Menifee Residents Push for Survey on Health Effects of Sewage Exposure
Residents of Menifee are pushing for Riverside County officials to conduct a health survey to determine whether processed sewage spread on land near their homes for several years has had any adverse effects on public health, the North County Times reports. In 2002, county officials said based on National Academy of Sciences recommendations that communities exposed to sludge be monitored for health effects -- including allergic reactions and severe, chronic respiratory symptoms -- they would conduct a communitywide survey to determine the effects of Class B sludge, which is processed waste collected from sewer drains, industry and homes that is treated to reduce pathogens. However, after meeting with epidemiologists and other scientists, Gary Feldman, the county's chief health director, said that Riverside County does not have the staff or financial resources to produce a scientifically accurate study, the Times reports. The county banned the use of Class B biosolids in 2001 but still allows the spreading of a more highly treated version of waste, called Class A biosolids. Class A biosolids are treated to eliminate 99.9% of pathogens but still contain hazardous materials, such as toxins; as many as 70,000 chemicals; heavy metals; and some bacteria and viruses that are resistant to treatment. In addition, Class A sludge contains endotoxins, which can cause severe inflammation in body tissue when exposed to it, as well as headaches, fatigue, fever and severe gastrointestinal problems.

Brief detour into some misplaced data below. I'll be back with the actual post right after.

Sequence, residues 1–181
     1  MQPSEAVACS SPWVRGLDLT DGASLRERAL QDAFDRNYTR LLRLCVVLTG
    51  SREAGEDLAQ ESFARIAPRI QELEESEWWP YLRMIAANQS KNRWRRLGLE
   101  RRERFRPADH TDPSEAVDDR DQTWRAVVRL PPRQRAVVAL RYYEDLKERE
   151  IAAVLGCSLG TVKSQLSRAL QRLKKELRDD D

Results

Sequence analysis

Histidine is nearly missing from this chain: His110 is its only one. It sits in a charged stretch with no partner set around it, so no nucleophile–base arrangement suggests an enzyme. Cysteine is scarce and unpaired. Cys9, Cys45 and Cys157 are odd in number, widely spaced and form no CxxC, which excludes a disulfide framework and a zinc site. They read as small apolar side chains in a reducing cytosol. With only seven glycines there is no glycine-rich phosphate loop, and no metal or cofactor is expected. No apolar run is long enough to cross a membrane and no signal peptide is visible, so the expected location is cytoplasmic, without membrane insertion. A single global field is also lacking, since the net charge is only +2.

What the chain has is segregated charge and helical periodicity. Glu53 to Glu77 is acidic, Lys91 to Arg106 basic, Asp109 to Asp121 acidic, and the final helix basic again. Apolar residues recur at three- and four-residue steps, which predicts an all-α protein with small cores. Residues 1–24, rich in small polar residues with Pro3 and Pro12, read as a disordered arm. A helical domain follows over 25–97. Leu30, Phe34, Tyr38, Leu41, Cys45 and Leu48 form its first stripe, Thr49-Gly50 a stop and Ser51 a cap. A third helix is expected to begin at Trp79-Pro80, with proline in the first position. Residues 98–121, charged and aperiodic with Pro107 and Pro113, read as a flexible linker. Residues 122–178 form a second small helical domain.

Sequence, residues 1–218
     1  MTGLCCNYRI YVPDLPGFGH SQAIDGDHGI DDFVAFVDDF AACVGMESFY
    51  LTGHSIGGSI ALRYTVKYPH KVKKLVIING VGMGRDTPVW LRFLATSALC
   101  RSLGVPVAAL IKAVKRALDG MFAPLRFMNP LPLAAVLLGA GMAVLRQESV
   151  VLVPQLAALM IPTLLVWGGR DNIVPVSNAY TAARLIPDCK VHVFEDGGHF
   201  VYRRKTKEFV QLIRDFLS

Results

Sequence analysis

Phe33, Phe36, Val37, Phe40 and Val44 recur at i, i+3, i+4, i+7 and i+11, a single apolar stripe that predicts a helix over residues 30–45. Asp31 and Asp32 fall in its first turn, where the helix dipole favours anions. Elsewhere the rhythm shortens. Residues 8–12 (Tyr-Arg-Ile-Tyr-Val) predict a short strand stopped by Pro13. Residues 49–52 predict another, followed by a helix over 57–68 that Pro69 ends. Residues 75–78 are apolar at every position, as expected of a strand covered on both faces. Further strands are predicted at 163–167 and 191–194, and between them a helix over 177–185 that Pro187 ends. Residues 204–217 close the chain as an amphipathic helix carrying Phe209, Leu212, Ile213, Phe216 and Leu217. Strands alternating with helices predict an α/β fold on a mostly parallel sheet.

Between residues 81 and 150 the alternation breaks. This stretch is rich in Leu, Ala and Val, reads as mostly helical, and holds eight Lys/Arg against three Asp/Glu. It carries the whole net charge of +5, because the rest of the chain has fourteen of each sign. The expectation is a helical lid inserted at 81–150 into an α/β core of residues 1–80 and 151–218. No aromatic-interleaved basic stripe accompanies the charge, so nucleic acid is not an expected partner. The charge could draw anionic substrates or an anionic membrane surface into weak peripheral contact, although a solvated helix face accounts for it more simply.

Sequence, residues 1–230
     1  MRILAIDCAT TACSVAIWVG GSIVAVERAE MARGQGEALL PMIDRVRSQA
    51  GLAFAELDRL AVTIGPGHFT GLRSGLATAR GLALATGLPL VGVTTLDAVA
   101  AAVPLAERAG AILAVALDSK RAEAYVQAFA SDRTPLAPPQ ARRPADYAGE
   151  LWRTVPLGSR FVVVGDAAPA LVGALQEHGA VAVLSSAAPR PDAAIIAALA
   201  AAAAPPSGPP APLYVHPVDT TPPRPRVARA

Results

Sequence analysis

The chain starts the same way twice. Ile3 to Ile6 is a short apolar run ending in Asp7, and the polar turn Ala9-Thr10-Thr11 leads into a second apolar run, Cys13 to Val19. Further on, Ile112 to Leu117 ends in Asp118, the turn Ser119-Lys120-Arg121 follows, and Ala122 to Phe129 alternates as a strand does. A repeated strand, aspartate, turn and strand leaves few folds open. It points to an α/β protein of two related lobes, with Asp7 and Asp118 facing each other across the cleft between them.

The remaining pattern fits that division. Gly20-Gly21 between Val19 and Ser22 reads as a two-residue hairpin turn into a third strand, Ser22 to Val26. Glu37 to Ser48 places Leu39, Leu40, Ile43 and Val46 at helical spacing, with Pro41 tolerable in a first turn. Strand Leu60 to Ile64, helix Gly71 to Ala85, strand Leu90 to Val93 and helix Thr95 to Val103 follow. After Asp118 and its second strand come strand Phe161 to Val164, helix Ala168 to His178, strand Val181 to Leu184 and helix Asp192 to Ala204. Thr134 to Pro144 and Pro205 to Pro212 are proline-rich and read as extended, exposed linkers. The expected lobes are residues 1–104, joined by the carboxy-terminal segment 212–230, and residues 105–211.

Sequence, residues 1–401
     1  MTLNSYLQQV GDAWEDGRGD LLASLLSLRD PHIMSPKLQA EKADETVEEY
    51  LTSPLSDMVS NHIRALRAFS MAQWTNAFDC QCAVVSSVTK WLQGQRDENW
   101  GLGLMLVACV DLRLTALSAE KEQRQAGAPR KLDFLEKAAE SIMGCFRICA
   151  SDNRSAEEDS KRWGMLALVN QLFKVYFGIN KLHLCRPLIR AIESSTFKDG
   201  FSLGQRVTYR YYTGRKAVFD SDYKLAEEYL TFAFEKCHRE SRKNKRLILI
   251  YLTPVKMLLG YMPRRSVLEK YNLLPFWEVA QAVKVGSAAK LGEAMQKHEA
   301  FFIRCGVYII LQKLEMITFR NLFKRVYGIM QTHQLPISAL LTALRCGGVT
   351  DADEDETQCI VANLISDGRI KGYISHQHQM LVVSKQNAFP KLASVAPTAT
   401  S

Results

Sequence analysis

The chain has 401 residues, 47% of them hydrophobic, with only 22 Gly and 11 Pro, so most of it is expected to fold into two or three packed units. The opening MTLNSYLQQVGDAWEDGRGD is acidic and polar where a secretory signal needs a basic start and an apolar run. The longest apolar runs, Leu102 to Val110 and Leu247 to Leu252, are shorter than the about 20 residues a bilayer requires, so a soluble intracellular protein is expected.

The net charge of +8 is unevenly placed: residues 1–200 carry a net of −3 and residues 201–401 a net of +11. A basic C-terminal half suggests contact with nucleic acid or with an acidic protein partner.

Scientific evidence regarding the effects of sludge on health is "contradictory," according to the Times. County health officials say the "health risks are minimal," but some experts say the sludge should be spread "minimally, if at all" because available research on the effects associated with exposure is inadequate, the Times reports. The county currently does not have regulations governing how Class A biosolids are spread, but it is considering an ordinance that would require annual testing of 10% of fields where sludge has been spread; sampling of sludge from trucks to check for heavy metal concentrations and fecal matter; and verification that the composition of biosolids from truck samples matches information provided by the sewage treatment plant. The ordinance also would address quality-of-life issues such as odor and fly control and how closely the sludge can be spread to homes, schools and other areas (Brusch, North County Times, 5/17).This is part of the California Healthline Daily Edition, a summary of health policy coverage from major news organizations. Sign up for an email subscription.